VANCOUVER -- The Charter of Rights and Freedoms doesn't protect the right of drug addicts to shoot up, federal lawyers told a B.C. court Tuesday, arguing that the future of Vancouver's supervised-injection site is a matter of policy, not law.

"The primary activity at this site, which is drug injection for drug users, is not medical treatment, which the charter could protect," John Hunter told B.C. Supreme Court.

"At the end of the day, there is no constitutional right to use heroin or cocaine, even if you are already addicted to them."

Ottawa has until June 30 to decide whether the supervised-injection site in the city's troubled Downtown Eastside, known as Insite, will be allowed to remain open under an exemption from Canada's drug laws.

The federal health minister hasn't announced his decision, but a group of addicts and the Portland Hotel Society, which runs Insite, have asked the court to intervene.

The plaintiffs argue the site should be the responsibility of the provincial government because it is a health-care facility, and also that closing it would violate the charter right to "security of the person."

Hunter rejected both of those arguments.

He said the initial exemption when Insite opened in 2003 was for a pilot project to study the potential impacts of such a site, not for a permanent health-care facility.

Hunter said the pros and cons of such a facility are open to rational debate, and that means the ultimate decision belongs in the political arena instead of a courtroom.

"These are controlled substances and that decision has to be made by someone, and who better than the minister of health?" he said.

A 10-day summary trial is currently underway, with each side presenting affidavits from experts. Once that process is finished, Justice Ian Pitfield will decide whether to make his ruling or put the case to a full trial.

Insite, North America's only safe-injection facility, provides space for addicts to inject their own illegal drugs, including heroin and cocaine, under the supervision of a nurse.

Users are given clean supplies to prevent the spread of diseases such as HIV and hepatitis, and they can receive immediate medical attention if they overdose.

The group that runs the site estimates more than one million injections have been supervised at the site since it opened, with the site now seeing as many as 1,200 visits each day.

Last fall, a detox and rehab facility known as Onsite opened upstairs.

Supporters of the supervised-injection site include B.C.'s provincial government, Vancouver Mayor Sam Sullivan and the Vancouver Police Department.

But critics argue allowing people to inject illegal opiates facilitates addiction and promotes drug use.

Mark Townsend of the Portland Hotel Society, which staged a demonstration Tuesday in a nearby park in support of Insite, acknowledged that facility alone won't solve the drug problem plaguing the Downtown Eastside.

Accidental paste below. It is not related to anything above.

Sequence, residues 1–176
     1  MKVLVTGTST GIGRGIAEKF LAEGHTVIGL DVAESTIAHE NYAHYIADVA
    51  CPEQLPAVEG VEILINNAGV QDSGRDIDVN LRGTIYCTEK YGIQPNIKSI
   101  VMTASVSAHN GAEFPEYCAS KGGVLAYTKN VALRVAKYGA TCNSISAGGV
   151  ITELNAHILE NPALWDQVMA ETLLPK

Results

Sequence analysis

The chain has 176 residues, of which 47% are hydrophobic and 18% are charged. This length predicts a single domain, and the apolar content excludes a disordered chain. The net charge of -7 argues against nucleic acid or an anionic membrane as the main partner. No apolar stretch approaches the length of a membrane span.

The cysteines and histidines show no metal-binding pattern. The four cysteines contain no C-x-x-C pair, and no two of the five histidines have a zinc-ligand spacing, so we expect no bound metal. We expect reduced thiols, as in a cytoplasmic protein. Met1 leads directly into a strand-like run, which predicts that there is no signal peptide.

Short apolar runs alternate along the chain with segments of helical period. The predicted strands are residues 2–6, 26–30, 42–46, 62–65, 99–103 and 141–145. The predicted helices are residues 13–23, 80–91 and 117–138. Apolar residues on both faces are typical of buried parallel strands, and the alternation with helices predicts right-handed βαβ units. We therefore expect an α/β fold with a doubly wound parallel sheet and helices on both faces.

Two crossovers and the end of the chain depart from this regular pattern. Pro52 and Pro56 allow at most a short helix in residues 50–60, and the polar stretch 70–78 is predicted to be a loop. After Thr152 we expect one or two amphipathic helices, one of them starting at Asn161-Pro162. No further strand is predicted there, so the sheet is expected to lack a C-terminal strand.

But he said it's an important part of the solution.

"It's a complicated issue - you need prevention, treatment, enforcement and you need harm reduction, because if you don't have harm reduction, people will die," said Townsend.

Behind him a thousand crosses stood where supporters of Insite planted them in the grass.

The crosses were intended to represent the number of overdoses that have occurred at the safe-injection site - overdoses, Townsend said, that may have otherwise occurred on the street, out of the reach of trained medical staff.

"And one of these people would have died if they had not injected their drug in a supervised-injection site and would not be ready for detox - dead people don't detox," he said.

"I really, sincerely believe that the government has not made a decision, and I really, sincerely believe that (Prime Minister) Stephen Harper will ultimately do the right thing, but I think he needs to get the message and understand the stuff."

"The plaintiffs argue the site should be the responsibility of the provincial government because it is a health-care facility, and also that closing it would violate the charter right to "security of the person."

^ Seriously, how lame can you get? I'm all for people doing whatever they want to their own bodies as they see fit and if that means they want to drug themselves up, so long as they don't interfeer into someone else's life by stealing or killing to get their fix, knock yourselves out.

But these injection sites are most certainly not a Health-Care Facility nor would closing them violate the "security of the person" when the security of that person is being violated by themselves by their own free will.... addicted or not.... you choose your own actions and you accept the consequences of those actions. You want to have "security of the person" and you want a Health Care Facility.... then go into Detox/Rehab.

Quite honestly I think these injection sites are stupid and the defense that it reduces the amount of needles and such on the streets is not only trivial, but contradicting to the government's policies on those drugs in paticular. You either make them illegal or you make them legal. You can't make something illegal and then issue out facilities, doctors, medics and nurses to help those people use the drugs in which you're claiming are illegal.